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Gait Analysis, Shoes, and the midfoot strike

MCAP2011-02-23 14:39:19 +0000 #1
I've started reading Chi Running at the recommendation of several people on my last thread. I'm only about 1/3 of the way through the book, but so far I like what I'm reading and it totally makes sense.

I've had two separate intense gait analysis sessions over the years. Both told me that I'm a severe overpronater and put me in stability shoes (Brooks Ariel and Brooks something else, addiction?). When I first started with the stability shoes it did make a big difference. Now, not so much. I still get shin and knee pain after short distances. I was thinking that perhaps I needed a new gait analysis and some new shows.

I was in Phoenix over Thanksgiving and went on a run/walk on Friday. My shins and knees were hurting as usual at the start. On the run I tried to really concentrate on using a midfoot strike. I felt like I was running on my toes at first, but after a bit it felt really good. If I went back to a few strides of my normal heel strike it felt so awkward. I think I may be on to something. My shins and knees were not hurting by the end. I walked about 1 mile then ran 1/4 mile, walked 1/4 mile for 4 miles and then walked about 1 mile home.

I'm curious about a gait analysis and a midfoot strike. Surely a stability shoe doesn't mean a whole lot with a midfoot strike because I'm not striking with my heel. Should I get another gait analysis? Are they going to know what they are looking at with my new enhanced running style? What kind of shoes work for a midfoot striker? (I'm not interested in running barefoot or in five fingers right now). Just some thoughts pooling up in my head today...


jessmarimba2011-02-23 14:45:14 +0000 #2
You sound like you're going through my last shoe battle. Or you're about to.

I'm in NB 101s, but I mostly run trails. Definitely check out the Nike Frees - I loved them, but my heels are too narrow for Nike shoes.

If you can find a store that has any info about Chi Running on their site you might have more luck. I was fortunate to find one employee at the third store I went in that was more open-minded about shoes, but the first two just looked at me stand and went right for the chunky heavy built-up heel shoes. The concept is too new (or radical) for most stores to really deal with. Anytime an employee mentioned wet footprint test I ran screaming in the other direction

Kidding - but that just means they don't know what to do with you.

Try googling minimal shoes - that's essentially what a midfoot strike calls for. Some are less minimal than others, however.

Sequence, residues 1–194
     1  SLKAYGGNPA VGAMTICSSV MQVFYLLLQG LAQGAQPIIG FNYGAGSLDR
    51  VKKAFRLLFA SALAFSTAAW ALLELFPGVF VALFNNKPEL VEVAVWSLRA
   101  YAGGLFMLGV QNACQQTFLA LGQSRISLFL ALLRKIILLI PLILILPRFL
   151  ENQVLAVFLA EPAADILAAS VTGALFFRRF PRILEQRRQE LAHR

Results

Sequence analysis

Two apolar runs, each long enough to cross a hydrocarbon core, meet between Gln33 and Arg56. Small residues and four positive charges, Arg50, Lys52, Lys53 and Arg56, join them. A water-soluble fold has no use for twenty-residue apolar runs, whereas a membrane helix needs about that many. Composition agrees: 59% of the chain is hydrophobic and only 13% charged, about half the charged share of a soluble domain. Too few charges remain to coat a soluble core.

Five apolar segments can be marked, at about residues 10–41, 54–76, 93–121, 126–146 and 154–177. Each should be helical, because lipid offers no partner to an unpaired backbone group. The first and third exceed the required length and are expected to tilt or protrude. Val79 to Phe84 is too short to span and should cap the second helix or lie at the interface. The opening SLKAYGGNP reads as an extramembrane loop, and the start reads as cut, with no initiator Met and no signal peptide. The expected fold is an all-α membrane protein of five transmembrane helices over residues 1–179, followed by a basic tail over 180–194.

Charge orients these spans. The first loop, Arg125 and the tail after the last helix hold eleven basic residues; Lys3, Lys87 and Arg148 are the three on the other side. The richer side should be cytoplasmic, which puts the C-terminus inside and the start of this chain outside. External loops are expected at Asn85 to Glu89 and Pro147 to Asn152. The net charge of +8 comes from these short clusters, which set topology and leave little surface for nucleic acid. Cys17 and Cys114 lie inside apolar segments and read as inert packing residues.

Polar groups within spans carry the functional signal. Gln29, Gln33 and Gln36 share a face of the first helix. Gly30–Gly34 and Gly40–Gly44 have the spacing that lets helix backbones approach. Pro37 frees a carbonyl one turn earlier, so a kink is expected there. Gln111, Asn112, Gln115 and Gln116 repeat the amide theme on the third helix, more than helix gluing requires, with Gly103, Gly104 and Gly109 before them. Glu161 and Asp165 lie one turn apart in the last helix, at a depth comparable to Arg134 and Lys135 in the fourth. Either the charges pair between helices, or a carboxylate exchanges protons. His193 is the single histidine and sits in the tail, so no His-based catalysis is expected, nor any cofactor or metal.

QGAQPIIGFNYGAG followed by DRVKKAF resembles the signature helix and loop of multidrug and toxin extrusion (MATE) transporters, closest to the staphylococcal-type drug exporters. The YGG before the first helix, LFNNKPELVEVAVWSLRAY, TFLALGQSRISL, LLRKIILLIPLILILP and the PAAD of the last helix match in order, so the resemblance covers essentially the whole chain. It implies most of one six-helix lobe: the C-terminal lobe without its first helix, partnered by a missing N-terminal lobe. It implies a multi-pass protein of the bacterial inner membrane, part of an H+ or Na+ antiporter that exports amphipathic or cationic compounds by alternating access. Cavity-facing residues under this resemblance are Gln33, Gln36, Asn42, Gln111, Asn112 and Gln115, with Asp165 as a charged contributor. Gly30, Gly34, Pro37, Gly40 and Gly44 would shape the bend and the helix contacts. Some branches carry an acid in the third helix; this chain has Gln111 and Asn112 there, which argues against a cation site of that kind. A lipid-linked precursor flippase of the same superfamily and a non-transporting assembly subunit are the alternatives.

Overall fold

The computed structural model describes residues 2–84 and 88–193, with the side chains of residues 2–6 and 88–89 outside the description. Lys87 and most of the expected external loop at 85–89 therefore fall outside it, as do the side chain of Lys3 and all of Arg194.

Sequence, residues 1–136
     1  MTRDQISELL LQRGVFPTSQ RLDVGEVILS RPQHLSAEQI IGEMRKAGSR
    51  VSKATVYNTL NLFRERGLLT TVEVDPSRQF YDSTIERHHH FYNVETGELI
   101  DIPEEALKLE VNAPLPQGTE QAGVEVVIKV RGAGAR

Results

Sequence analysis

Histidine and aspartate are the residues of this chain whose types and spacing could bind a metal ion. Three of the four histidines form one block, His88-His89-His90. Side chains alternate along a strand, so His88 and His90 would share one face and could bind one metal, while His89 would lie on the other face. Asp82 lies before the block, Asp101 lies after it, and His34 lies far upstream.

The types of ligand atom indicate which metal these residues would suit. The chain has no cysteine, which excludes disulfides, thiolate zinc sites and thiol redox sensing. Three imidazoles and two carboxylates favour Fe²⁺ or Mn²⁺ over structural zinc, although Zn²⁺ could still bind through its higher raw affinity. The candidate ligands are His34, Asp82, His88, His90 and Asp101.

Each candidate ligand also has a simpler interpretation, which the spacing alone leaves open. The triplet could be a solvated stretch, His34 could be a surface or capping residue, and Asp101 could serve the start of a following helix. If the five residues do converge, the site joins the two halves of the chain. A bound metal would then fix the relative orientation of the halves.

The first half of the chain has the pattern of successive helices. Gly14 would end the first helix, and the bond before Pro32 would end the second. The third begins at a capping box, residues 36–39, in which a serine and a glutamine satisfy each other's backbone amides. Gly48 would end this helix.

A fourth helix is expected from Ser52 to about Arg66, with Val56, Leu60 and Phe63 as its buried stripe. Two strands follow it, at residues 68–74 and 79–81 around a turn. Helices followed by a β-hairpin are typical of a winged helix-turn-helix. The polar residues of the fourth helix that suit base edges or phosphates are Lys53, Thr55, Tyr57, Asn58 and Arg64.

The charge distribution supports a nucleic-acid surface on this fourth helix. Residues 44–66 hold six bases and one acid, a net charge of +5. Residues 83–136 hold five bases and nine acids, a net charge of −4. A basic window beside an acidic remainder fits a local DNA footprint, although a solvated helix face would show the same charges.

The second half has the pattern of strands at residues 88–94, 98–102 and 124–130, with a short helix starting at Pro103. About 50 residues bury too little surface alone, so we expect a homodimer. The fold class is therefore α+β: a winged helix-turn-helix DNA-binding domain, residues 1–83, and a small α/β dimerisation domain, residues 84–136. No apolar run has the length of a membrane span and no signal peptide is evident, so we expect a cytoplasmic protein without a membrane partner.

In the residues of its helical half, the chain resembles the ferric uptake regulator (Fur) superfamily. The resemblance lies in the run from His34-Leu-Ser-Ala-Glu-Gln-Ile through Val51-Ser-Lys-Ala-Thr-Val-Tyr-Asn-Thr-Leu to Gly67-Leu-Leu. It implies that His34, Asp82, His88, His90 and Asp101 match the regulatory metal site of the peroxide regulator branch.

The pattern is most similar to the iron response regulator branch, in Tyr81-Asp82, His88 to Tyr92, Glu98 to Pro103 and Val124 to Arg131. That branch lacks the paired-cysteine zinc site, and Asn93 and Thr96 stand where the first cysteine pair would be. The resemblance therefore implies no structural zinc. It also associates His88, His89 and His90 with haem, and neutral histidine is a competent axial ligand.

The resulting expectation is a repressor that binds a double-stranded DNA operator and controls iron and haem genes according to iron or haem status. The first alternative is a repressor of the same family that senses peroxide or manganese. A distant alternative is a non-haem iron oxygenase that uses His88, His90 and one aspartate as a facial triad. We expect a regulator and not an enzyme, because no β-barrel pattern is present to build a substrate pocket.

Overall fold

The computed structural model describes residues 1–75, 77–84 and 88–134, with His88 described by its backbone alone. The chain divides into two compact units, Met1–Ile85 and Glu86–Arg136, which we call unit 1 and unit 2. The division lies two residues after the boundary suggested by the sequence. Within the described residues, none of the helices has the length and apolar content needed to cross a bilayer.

Here: www.roadrunnersports...minimalist-_-minimal is the selection at RoadRunner Sports. Just make sure what you try on doesn't force you to land on your heel when you are running around the store!
Becky2011-02-23 15:23:46 +0000 #3
I found that, when I started Chi Running, my stability shoes interfered with my ability to "feel" that midfoot strike. I ended up buying some VFFs and some neutral training flats (Pearl Izumi Streaks). I still have to be really conscious about the midfoot strike- it's not natural yet- but a lesser shoe has helped.
colby2011-02-23 15:37:54 +0000 #4
I ran in the Ariel/Addictions (my last shoes) - I definitely think you need different shoes. I had a very similar experience, I felt like I couldn't run "correctly" in them without a lot of effort, but when I did, I felt great. You (and I) probably need a shoe with a less built up heel - I feel like the shoe made my heel hit even when I didn't want it to so I had to concentrate REALLY hard and then it wasn't fun.

I've thought about getting the analysis done at a PT rather than a shoe store - sort of like a bike fitting. I think they are less interested in moving people (and merchandise) through the system, but the problem is, you still have to go out and find shoes at the end of it.

The bright side is they might tell you other things you don't know, like details about your stride length and posture.

I have heard good things about the Nike Frees, if they fit your feet you might try them, even if at first you're alternating with your current shoes. Nike shoes are always too narrow for me... most shoes are.
OakLeaf2011-02-23 14:59:23 +0000 #5
Quote:

Originally Posted by colby

Nike shoes are always too narrow for me... most shoes are.

Most shoes are too narrow for me, too, so as I've said before, I was STUNNED when the shoe guy brought me a pair of Nikes that actually fit.

I'm positive you'd hate the ones I'm in now, which are the only ones with that particular shape. But I've tried on the Free, and I think if they start making them in Wide I'll be able to wear them. They're too narrow for me, but not enormously so. I might should try on a men's pair, but those would likely be too wide in the heel. Usually if a shoe is popular enough they'll start making them in widths ... we can hope.

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